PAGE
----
You might have recently seen that Google is making strides in AI-driven weather forecasting with their Graphcast model. But did you know that many other large tech companies are also entering the scene? In this article, we dive into the advancements in AI meteorology innovations from the private sector, putting a spotlight on key players like NVIDIA's FourCastNet, Microsoft's ClimaX, and Huawei's Pangu-Weather and exploring how these technologies have the potential to revolutionize the field of meteorological science.

🎯 AI Methods in Weather Forecasting: Same Goal, Different Approaches

The quest for the most effective AI method in weather forecasting is a dynamic and ongoing challenge. While Google has been one of the frontrunners with models like Graphcast and Met-Net-3, the industry is witnessing a variety of innovative approaches by other tech giants.

Google's Graphcast and Met-Net-3

Graphcast excels in providing rapid and accurate weather predictions. This model distinguishes itself with forecasts that extend up to 10 days into the future, demonstrating a resolution accuracy of about 28x28 km at the equator. While Graphcast is adept at short to medium-range forecasts, it encounters challenges in enhancing resolution and sustaining accuracy for longer forecast periods. In contrast, Met-Net-3, another innovative model from the same team, specializes in high-resolution forecasting. This model is capable of delivering forecasts with an impressive 1x1 km resolution, offering updates every few minutes. Its forte lies in its precision, although it primarily focuses on short-term forecasting, with a lead time of just 24 hours. For in-depth insights, visit Google's official Graphcast blog and Met-Net-3 blog. For the scientific paper on Graphcast, see here.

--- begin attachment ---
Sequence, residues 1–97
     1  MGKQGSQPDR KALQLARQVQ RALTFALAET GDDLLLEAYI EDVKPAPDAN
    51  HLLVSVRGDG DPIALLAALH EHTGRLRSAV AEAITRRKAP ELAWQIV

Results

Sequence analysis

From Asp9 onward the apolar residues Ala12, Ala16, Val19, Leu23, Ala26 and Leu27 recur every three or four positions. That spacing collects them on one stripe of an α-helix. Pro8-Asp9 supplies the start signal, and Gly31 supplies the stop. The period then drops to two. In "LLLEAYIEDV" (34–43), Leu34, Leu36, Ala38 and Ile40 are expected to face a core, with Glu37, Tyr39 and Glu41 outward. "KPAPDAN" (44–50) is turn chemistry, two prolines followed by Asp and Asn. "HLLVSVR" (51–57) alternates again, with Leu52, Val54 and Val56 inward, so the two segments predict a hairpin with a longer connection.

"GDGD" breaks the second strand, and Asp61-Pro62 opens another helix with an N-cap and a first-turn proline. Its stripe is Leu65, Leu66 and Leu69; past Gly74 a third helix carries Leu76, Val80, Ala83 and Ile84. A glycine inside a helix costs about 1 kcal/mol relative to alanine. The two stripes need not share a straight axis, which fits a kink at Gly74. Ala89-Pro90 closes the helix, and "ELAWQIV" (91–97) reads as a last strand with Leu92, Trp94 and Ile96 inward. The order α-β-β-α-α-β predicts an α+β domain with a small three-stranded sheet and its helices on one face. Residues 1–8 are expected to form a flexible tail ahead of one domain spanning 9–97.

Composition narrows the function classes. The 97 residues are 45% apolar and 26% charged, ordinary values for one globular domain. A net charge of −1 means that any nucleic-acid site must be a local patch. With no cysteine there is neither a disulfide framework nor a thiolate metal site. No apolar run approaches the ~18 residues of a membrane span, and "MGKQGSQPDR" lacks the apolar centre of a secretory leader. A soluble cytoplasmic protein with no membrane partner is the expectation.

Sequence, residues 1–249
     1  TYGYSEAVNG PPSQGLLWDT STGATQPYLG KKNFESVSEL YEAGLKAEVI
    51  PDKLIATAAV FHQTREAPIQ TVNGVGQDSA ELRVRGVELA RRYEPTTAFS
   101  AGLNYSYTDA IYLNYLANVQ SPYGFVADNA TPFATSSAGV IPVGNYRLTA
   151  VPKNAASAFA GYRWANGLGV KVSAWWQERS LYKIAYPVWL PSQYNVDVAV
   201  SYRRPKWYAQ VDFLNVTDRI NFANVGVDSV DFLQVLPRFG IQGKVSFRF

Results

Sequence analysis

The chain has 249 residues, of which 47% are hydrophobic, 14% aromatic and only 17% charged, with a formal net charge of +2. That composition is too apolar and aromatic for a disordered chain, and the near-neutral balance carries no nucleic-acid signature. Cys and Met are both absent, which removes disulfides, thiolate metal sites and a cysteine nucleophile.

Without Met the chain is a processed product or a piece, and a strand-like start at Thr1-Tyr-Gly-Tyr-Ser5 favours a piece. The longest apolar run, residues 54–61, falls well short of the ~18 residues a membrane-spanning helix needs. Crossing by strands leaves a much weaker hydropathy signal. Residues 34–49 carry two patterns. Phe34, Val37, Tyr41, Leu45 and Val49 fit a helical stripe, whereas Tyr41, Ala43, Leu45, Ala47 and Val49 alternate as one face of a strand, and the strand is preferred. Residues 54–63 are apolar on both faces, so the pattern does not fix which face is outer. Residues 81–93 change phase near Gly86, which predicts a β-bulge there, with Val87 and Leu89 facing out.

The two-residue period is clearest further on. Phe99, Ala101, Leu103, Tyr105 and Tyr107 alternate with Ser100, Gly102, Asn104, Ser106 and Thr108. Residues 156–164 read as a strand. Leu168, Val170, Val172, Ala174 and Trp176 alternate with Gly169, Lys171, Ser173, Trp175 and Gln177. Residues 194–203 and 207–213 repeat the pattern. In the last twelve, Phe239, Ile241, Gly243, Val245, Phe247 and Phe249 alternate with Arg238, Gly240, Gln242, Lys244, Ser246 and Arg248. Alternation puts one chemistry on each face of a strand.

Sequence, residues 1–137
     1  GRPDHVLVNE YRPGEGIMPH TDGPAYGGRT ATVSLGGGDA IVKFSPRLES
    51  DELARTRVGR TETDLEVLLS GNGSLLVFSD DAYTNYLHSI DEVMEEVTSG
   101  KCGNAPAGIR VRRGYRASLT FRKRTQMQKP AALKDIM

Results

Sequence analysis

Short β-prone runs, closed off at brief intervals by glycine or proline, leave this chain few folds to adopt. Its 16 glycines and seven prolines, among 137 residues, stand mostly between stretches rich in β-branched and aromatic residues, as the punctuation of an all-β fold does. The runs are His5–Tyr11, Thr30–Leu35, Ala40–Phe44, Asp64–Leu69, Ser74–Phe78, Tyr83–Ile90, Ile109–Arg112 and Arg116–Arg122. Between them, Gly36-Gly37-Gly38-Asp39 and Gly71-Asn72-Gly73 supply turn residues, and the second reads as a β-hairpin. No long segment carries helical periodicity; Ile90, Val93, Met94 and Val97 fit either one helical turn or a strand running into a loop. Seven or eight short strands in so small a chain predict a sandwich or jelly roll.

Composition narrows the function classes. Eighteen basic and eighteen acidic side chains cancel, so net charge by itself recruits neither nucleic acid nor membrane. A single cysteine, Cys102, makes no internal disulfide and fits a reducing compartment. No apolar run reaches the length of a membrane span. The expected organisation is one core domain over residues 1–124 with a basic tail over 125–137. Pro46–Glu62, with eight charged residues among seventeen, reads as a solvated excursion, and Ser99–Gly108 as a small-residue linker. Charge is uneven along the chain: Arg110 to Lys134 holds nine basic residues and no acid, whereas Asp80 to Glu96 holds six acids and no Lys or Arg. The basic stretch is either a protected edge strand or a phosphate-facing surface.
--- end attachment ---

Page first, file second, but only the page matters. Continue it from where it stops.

Technical Reading on Google's Graph Neural Network (GNN)
  • Approach: Google's GraphCast, developed by DeepMind, uses Graph Neural Networks (GNNs) for weather forecasting, focusing on spatially structured data.

  • Notable Strengths: It provides rapid and precise weather predictions, while being a relatively small model (36.7 million parameters). This is significant as a 10-day forecast can be run in under a minute on relatively basic infrastructure (in their study, they use a TPU v4 device).

  • Notable Limitations: Because the training data is ERA5 with a resolution of 0.25 degrees, this may produce challenges when trying to increase the resolution (such as to sub-km). Uncertainty is also handled by "spatially blurring" the forecasts, which becomes an important constraint at longer lead times (e.g., forecasting several days into the future).